NEW YORK - Google Inc., owner of the most-used Internet search engine, must face a Wisconsin company's lawsuit over a toolbar feature that generates Web links from computer-search data, a federal appeals court decided.
The US Court of Appeals for the Federal Circuit in Washington yesterday revived part of HyperPhrase Technologies LLC's lawsuit, throwing out a lower court ruling that Google's AutoLink feature didn't infringe its patents.
As part of Google's Web browser toolbar, AutoLink gives users more information than standard Web links. It recognizes data such as addresses and book numbers, then provides links to online maps or books on Amazon.com.
HyperPhrase also had targeted Google's AdSense, a technology that lets companies run text ads relevant to the content on their websites. The appeals court said AdSense didn't infringe HyperPhrase's patents.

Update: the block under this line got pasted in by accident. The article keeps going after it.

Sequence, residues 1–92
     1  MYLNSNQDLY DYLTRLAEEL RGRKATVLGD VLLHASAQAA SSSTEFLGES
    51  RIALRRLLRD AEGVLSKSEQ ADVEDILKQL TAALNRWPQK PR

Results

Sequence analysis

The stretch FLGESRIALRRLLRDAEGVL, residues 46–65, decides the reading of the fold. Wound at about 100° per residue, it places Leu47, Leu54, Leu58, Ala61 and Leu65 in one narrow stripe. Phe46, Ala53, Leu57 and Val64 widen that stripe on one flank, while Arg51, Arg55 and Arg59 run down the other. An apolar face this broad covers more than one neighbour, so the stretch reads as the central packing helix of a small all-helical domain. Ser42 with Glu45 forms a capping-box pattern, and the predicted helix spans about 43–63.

"We're very pleased that the Federal Circuit agreed that AdSense does not infringe any of HyperPhrase's patents," said Michael Kwun, a lawyer for Google. "We continue to believe the remaining claims in the lawsuit are without merit, and will vigorously defend against those claims."
Closely held HyperPhrase said in an April 2006 lawsuit that Google used its inventions without permission. It sought compensation and an order blocking Google from using the technology.